Movie titles don't get much duller or less enticing than The Agronomist, which is a shame, since behind the moniker lies a riveting and heartbreaking story of a charismatic man who came to personify the spirit of the Haitian people in the face of oppression.
Jonathan Demme's new documentary is a loving elegy to Jean Dominique, a Haitian who studied to be an agronomist—a soil-and-plant scientist—in Paris, where he fell in love with film and the revolutionary political potential of the French New Wave. Upon his return to his homeland, Dominique established a movie club and fought to bring filmmaking to Haiti. But he didn't make his mark on Haiti's people and political landscape either as an agronomist or as a filmmaker; it was as a radio-station owner and personality that he established himself as an impassioned foe of tyranny.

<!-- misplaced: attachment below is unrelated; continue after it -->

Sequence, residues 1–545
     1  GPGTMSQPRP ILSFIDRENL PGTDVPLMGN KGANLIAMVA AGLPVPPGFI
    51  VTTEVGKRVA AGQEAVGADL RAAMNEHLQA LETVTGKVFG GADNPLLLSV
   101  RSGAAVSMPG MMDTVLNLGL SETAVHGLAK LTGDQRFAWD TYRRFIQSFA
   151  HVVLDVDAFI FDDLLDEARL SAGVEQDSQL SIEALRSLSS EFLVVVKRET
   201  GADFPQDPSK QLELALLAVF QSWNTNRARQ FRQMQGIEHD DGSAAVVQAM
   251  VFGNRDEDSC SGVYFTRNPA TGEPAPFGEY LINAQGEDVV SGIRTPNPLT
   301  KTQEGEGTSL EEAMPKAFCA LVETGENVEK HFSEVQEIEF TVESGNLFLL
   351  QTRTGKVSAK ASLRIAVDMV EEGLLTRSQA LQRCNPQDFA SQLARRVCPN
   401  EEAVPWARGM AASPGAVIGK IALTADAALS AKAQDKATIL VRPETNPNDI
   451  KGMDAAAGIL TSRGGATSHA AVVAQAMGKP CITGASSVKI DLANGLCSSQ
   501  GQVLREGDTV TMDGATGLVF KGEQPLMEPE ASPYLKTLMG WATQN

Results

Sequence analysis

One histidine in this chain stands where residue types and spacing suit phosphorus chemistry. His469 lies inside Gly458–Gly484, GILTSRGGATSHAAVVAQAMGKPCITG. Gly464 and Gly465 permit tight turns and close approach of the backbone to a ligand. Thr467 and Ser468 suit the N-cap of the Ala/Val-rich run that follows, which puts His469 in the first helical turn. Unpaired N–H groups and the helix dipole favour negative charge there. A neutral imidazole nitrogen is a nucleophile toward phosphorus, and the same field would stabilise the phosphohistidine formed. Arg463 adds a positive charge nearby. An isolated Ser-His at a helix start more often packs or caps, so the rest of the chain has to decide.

Of course, being a foe of tyranny in Haiti is a full-time, lifelong job, but in spite of a seemingly never-ending series of political and personal setbacks, including years spent in exile in New York, Dominique never loses his drive or his conviction that one person can make a difference. Like The Revolution Will Not Be Televised, The Agronomist explores a complicated, frustrating political situation through the prism of a magnetic political figure, an approach that keeps with the American tendency to reduce complex movements to a single galvanizing individual, but also puts a human face on an international tragedy. The Agronomist borders on hagiography, but it's easy to see why Demme holds Dominique in such high regard. Thin, with an impish, conspiratorial smile and wonderfully expressive hands, the energetic Dominique communicates with the mastery of someone who has spent his entire life learning to make every word and idea register as vividly as possible. Driven by Dominique's personal magnetism, The Agronomist is a haunting, inspirational valentine to free speech and human resilience.